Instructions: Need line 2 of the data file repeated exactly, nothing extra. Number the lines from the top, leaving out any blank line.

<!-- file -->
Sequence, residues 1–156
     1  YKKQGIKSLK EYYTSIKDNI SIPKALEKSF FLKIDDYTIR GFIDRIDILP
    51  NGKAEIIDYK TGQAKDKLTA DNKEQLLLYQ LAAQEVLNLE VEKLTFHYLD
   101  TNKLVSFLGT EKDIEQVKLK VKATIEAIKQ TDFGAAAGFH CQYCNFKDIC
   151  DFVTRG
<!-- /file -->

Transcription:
     1  YKKQGIKSLK EYYTSIKDNI SIPKALEKSF FLKIDDYTIR GFIDRIDILP